Do you love Rebus Puzzles? Rebus Puzzles are puzzles that contain secret phrases that can only be guessed by looking at the picture clues. They have a very surprising history and they are much older than one would imagine! Here are 5 fun facts you didn’t know about them!
Rebus puzzles are incredibly popular in Japan.
Rebus puzzles are actually known as hanjimono (判じ物) in Japan. They were very popular in the Japan during the Edo period which lasted between 1603 and 1868. In fact, Kabuki actors would wear costumes that utilised rebus principles. This was mainly used by the actors to communicate their guild names. Today, many Japanese corporations use rebus puzzles in their logos, with the most famous being the Yamasa soy sauce company which symbolises the word for mountain!
Rebus puzzles are old!
How old are rebus puzzles? Written rebus puzzles are found in books dating back to the 16th century! The French philosopher Voltaire is credited in helping popularise rebus puzzles in certain parts of Europe during the 17th century. But are these the oldest, one may wonder…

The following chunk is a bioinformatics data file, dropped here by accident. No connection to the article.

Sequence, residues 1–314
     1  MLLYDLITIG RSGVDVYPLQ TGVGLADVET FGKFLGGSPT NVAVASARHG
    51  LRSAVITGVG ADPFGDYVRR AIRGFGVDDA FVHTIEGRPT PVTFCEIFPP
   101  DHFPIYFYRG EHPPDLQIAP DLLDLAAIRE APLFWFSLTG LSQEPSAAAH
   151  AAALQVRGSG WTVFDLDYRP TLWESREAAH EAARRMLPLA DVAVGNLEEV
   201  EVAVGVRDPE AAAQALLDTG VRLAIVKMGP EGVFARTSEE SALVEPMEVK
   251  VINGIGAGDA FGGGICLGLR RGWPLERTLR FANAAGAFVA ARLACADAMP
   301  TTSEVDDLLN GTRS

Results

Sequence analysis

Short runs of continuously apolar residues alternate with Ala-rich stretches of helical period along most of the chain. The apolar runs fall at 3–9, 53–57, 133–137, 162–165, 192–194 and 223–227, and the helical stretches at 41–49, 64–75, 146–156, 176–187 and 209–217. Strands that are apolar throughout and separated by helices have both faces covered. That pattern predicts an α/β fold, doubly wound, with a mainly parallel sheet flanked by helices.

Rebus puzzles are REALLY old
According to www.rebus-puzzles.com, there are even Rebus Puzzles dating back over 5,000 years! The ancient Egyptians used rebus puzzles in their language, also known as hieroglyphics. The famous Egyptian King Ramses II has a famous statue carved to his liking with rebus puzzles inscripted on the mantle to compose his name. Even Ancient Chinese language, and to some extent modern Chinese script, have elements of rebus puzzles.
Rebus puzzles were used to teach the Bible to children in the 1800s
One of the best-selling books of the 1700s was the A Curious Hieroglyphic Bible. It is notable for being one of the 88 books that “Shaped America” according to the Library of Congress. First published in 1784 and then reprinted in 1788, the book featured over 500 rebus puzzles, today there are only known 4 copies that still exist.
Rebus puzzles were the basis of many game shows
The first known Rebus Puzzle themed game show was a US based show called The Rebus Game in 1965, where contestants communicated clues using nothing but Rebus Puzzles and pictures. Since then there have been Rebus Puzzle themed games in India, the UK, and Canada.